This position, however, must bite two bullets. First, there is the sour prescription to let two people die when one could be saved. Second, it throws into confusion the topic of private lethal self-defense… Doesn’t shooting a person in the head also directly kill in order to save another’s life? GFB made this point in their Thomist essay, and, in my opinion, it is their strongest counter-argument. It pulls us back to the fundamental text in the discussion, q. 64 a. 7 of the Secunda Secundae, whence supposedly cometh PDE.

Hold on to that thought too.

The Rights-Based Position:

The final position for our consideration comes most recently from Fr. Rhonheimer, who seems to be at least in part following Avanzini. Basically, the argument goes like this… In some vital conflicts, like the problematic pregnancy at issue, one has two options – save one life, or allow two deaths. Everyone has a right to life, but in cases where we find acute vital conflicts, it sometimes makes no sense to speak of rights. The case in which a person in a vital conflict (the child) will not even be born is one such example. Therefore, while the child retains the right to life, it makes no sense to speak of this right, and so it does not bear on the decision of whether to perform an act which would end in the child’s death if it will save the mother.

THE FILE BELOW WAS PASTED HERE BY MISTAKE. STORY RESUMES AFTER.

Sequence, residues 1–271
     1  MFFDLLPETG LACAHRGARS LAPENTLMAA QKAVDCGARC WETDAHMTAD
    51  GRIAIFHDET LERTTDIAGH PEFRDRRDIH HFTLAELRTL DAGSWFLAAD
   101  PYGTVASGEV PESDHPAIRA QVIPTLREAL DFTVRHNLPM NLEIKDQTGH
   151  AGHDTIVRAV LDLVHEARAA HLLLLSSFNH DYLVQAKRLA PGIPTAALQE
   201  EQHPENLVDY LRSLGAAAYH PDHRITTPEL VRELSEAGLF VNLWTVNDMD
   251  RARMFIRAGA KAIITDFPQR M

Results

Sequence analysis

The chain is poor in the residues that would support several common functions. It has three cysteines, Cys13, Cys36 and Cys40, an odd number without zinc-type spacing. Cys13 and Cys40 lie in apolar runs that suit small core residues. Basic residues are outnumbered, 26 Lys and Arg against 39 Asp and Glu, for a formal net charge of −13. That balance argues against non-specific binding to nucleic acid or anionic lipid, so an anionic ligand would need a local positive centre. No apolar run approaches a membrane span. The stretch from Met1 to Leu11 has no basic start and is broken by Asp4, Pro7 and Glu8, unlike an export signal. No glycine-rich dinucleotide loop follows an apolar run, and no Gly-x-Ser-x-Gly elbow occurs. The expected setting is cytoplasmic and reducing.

Leaving aside the problem of the language of rights in moral discourse (see McIntyre’s scathing critique in After Virtue), we can simply observe that this is a position which does not evidently derive from virtue-ethics but is made up wholesale out of a desire to appease an intuition. Rhonheimer, as far as I recall, does not even attempt to integrate his position into the broader framework of moral theology. In sum, the damning question is, “Why precisely does acute danger to others and shortness of life remove the necessity to respect the bodily integrity/life of a person?” To me, it seems little more than an appeal to intuition followed by foot-stomping.

I credit Fr. Rhonheimer for making an attempt to present a different solution, and certainly, not all of his work is this problematic. But we are presently concerned with this particular topic. Anyway, I suggest that this is not a serious position for further consideration.

A Brief Synthesis